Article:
from the total number of CPUs).  Node that this may be larger than the number of nodes  in


       The LAM implementation of MPI uses, by default, SIGUSR2 .  This may be changed when LAM is
       compiled, however, with the --with-signal command line switch to LAM's  configure  script.
       Consult your system administrator to see if they specified a different signal when LAM was

       LAM/MPI does not catch any  other  signals  in  user  code,  by  default.   If  a  process
       terminates  due  to  a  signal,  the mpirun will be notified of this and will print out an
       appropriate error message and kill the rest of the user MPI application.

       This behavior can be overridden (mainly for historical reasons) with the "-sigs"  flag  to
       mpirun .  When "-sigs" is used, LAM/MPI will effectively transfer the signal-handling code
       from mpirun to the user program.  Signal handlers will be installed  during  MPI_INIT  (or
       MPI_INIT_THREAD  )  for  the  purpose  of printing error messages before invoking the next
       signal handler.  That is, LAM "chains" its signal handler to be executed before the signal
       handler that was already set.

       Therefore,  it  is  safe for users to set their own signal handlers.  If they wish the LAM
       signal handlers to be executed as well, users should set their handlers  before  MPI_INIT*
       is invoked.

       LAM/MPI catches the following signals


       All  other  signals  are  unused by LAM/MPI, and will be passed to their respective signal


       Portable MPI  programs  cannot  assume  the  same  process  model  that  LAM  uses  (i.e.,
       essentially  the  same  as  POSIX).   MPI  does  not  mandate anything before MPI_INIT (or
       MPI_INIT_THREAD  ),   nor   anything   after   MPI_FINALIZE   executes.    Different   MPI
       implementations  make  different assumptions; some fork auxillary threads and/or processes
       to "help" with the MPI run-time environment (this may interfere with the constructors  and
       destructors  of  global  C++  objects,  particularly  in  the case where using atexit() or
       onexit(), for example).  As such, if you are writing a portable MPI  program,  you  cannot
       make the same assumptions that LAM/MPI does.

       In  general, it is safest to call MPI_INIT (or MPI_INIT_THREAD ) as soon as possible after
       main begins, and call MPI_FINALIZE immediately before the  program  is  supposed  to  end.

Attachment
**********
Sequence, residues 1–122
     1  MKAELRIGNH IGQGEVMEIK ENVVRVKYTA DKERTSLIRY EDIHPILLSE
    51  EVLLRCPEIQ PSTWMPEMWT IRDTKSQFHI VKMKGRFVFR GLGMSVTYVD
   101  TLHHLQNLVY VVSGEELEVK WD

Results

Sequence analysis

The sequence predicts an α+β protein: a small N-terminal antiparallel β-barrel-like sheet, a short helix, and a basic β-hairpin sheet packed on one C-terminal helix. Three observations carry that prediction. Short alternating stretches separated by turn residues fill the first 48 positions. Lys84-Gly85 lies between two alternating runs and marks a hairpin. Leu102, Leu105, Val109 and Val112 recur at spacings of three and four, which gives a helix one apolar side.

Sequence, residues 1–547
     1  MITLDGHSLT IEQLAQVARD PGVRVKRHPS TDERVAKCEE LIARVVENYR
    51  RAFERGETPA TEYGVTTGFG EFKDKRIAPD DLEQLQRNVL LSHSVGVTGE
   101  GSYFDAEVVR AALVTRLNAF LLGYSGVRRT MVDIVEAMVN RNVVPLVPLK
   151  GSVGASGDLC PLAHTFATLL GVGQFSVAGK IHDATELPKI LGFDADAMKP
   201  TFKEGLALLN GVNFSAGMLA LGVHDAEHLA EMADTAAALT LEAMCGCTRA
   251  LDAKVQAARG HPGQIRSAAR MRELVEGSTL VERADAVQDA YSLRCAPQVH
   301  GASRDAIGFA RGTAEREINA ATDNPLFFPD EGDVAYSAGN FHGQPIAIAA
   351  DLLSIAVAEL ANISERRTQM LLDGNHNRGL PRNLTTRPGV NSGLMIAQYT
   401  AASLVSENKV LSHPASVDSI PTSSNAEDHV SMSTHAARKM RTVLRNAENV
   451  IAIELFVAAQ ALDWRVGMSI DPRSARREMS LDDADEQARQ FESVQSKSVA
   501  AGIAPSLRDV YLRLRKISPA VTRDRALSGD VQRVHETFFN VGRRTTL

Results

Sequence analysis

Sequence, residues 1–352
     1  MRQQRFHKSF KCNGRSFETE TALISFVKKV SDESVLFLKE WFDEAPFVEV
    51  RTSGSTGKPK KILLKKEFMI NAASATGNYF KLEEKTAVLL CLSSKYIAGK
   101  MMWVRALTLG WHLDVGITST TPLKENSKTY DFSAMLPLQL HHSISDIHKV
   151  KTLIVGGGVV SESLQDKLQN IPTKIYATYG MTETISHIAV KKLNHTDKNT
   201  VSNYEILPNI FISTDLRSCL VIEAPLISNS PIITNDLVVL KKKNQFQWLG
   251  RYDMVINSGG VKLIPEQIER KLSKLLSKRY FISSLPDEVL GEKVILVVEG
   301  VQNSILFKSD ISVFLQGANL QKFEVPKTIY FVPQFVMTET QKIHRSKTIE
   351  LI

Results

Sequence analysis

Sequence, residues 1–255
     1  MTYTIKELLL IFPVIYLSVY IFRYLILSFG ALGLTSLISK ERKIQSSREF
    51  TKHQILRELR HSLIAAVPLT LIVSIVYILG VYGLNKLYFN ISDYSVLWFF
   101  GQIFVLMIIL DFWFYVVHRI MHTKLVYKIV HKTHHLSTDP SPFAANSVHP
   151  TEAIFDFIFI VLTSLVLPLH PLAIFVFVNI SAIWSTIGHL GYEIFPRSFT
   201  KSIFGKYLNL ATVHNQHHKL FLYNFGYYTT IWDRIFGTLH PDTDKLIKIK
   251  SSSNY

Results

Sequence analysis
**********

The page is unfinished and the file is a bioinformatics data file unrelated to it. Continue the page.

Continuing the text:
Consult  the  documentation  for  each MPI implementation for their intialize and finalize


       If an error occurs in an MPI function, the current MPI error handler is called  to  handle
       it.   By default, this error handler aborts the MPI job.  The error handler may be changed
       with MPI_Errhandler_set ; the predefined error handler MPI_ERRORS_RETURN may  be  used  to
       cause  error values to be returned (in C and Fortran; this error handler is less useful in
       with the C++ MPI bindings.   The  predefined  error  handler  MPI::ERRORS_THROW_EXCEPTIONS
       should  be  used in C++ if the error value needs to be recovered).  Note that MPI does not
       guarantee that an MPI program can continue past an error.

       All MPI routines (except MPI_Wtime and MPI_Wtick ) return an error value;  C  routines  as
       the value of the function and Fortran routines in the last argument.  The C++ bindings for
       MPI do not return error  values;  instead,  error  values  are  communicated  by  throwing
       exceptions of type MPI::Exception (but not by default).  Exceptions are only thrown if the
       error value is not MPI::SUCCESS .

       Note that if the MPI::ERRORS_RETURN handler is set in C++, while MPI functions will return
       upon an error, there will be no way to recover what the actual error value was.
              - No error; MPI routine completed successfully.
              -  This error class is associated with an error code that indicates that an attempt
              was made to call MPI_INIT a second time.  MPI_INIT may only be  called  once  in  a
              - Other error; use MPI_Error_string to get more information about this error code.


       MPI_Init_thread, MPI_Finalize, lamboot, mpirun, lamhalt, lamssi


       For  more information, please see the official MPI Forum web site, which contains the text
       of both the MPI-1 and MPI-2 standards.  These documents contain detailed information about
       each MPI function (most of which is not duplicated in these man pages).


       The  LAM  Team  would  like the thank the MPICH Team for the handy program to generate man
       pages  ("doctext"  from  ),  the   initial
       formatting, and some initial text for most of the MPI-1 man pages.